Separation Anxiety; A Trial in Patience and Perseverance

 

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The Road to Independence; Picture Credit Anna Halkiotis

It all started when my independent, never look back, self confident four year old began to cry hysterically when being dropped off at school. Mind you this is mid year and she has loved every second of school up until this point. When asking her what was wrong; why she didn’t want to go to school, she just said she wanted to be home. Nothing had happened to upset her, there was no clear cut problem to solve.  But regardless of wether there was a problem to solve she made it evident she DID
NOT want to go to school!

This lasted several weeks and I cannot say with certainty that we are in the clear, but it’s shocked me and I was beside myself as to what I could do to help. Every time I dropped her off she would get extremely upset. It was heart wrenching and felt like I was abandoning my daughter. However moments after I left, her teacher assured me, she was better than fine, she was happy and actively engaged. When I picked her up she would be playing with her friends and would even hide from me so she could stay longer. This assured me she was just fine and it was a passing fluke but at the next drop off she would go through the same antics. It was difficult for me to drop her off and leave her but I knew I needed to be strong, that it would do her no good to allow her to stay home.  By allowing our children to stay home in these situations, we’re only reinforcing this avoidance behavior. Many times doing the right thing is the hardest thing to do.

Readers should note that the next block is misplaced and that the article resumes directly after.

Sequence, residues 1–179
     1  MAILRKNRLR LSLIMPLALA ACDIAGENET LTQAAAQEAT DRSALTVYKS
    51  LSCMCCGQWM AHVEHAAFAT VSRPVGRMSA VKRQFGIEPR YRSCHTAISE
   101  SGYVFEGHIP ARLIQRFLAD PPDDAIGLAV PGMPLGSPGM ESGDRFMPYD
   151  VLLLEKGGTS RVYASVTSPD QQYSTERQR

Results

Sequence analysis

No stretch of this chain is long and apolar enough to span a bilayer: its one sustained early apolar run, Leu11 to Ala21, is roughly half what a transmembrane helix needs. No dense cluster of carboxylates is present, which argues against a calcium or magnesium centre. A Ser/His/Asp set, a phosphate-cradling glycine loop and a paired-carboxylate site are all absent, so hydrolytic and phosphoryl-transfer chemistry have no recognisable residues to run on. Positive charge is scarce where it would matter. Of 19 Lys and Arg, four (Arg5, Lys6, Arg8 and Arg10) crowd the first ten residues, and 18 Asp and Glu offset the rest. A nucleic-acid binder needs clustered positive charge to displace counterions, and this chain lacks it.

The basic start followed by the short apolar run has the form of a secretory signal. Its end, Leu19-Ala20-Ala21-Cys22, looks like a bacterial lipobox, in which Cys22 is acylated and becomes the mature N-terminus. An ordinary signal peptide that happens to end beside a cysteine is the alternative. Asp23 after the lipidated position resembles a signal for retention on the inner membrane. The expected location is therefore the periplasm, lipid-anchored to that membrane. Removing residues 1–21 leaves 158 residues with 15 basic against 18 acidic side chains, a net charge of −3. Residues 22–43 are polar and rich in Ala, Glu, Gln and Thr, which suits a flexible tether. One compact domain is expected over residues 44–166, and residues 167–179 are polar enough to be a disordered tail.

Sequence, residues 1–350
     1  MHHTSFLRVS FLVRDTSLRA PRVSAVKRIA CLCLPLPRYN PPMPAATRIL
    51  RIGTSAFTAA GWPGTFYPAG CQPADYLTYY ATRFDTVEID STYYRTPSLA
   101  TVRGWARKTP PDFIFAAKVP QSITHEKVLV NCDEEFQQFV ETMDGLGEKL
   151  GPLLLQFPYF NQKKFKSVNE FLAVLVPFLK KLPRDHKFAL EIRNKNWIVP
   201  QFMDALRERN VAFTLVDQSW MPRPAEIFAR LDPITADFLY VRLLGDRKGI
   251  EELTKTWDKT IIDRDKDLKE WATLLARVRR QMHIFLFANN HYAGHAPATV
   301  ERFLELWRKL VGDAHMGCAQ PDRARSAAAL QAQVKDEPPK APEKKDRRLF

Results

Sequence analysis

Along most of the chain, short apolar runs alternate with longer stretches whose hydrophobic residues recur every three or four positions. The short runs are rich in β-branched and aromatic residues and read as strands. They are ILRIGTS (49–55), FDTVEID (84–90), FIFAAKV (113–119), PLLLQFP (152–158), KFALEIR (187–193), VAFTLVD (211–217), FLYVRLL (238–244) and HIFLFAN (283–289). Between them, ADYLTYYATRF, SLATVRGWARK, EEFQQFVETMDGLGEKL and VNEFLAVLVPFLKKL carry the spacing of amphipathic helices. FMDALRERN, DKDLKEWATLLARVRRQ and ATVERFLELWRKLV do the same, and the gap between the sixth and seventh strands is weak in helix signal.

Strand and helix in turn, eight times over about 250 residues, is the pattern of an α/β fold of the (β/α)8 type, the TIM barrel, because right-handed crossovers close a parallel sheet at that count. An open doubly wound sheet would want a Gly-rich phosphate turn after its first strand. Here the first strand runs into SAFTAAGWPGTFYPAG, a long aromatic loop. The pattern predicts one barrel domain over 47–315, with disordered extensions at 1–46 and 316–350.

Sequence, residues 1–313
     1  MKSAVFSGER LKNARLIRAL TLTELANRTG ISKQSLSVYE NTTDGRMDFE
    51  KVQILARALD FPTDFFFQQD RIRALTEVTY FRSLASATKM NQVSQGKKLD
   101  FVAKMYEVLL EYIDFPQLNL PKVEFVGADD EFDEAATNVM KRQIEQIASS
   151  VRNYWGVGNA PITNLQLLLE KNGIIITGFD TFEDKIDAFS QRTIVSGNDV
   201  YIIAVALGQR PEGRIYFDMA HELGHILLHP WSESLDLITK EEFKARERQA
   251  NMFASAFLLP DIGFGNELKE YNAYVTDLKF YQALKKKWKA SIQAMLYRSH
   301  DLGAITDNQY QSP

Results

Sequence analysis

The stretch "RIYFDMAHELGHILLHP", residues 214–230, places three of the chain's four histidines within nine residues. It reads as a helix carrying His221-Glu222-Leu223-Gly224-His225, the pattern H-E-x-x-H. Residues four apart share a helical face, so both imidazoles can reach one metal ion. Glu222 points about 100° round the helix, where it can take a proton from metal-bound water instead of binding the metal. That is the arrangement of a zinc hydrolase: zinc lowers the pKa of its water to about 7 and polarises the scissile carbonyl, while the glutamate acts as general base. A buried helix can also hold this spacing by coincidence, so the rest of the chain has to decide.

Looking for guidance I asked her teachers for advice. The teachers at BCAP are wonderfully caring and have a wholistic philosophy when it comes to education so I knew I could trust their expertise. They assured me that this was a phase that many children go through, often brought on by change in their home or a growth spurt. I immediately knew my daughter’s issues were coming from the fact that I am pregnant. She has become extremely attached to both me and her new sibling.

However, knowing the cause of her separation anxiety did not solve all issues. Because she is four, yes I can talk to her, but over all it is something she must work out for herself. The key, her teacher shared, is to express that she is in a caring and safe environment and to emphasize the positives. Another way to subdued attachment issues is not to linger on them. My husband and I tend to talk and analyze an issue to death but with this situation we didn’t bring it up (to her that is). We asked how her day was, talked about the positives and whatever else she wanted to share and ended it with that. If she mentioned not wanting to go to school we always spoke about the fun she has there, the projects she was working on, her friends, and teachers.

It took three excruciatingly long weeks for my daughter to work her separation anxiety out during which I held my breath the whole time she was at school. As I said, I am not sure we are completely over our issue but it has improved and she is back to loving school and the independence it gives her. Some experts even say that is a healthy and normal way to express their love and developmentally appropriate attachment for their family.

Below are two useful articles on separation anxiety and how to help our children through their issues.

Separation Anxiety in Young Children

Developmental milestone: Separation and independence (ages 3 and 4)

Written By Nicole Rowley

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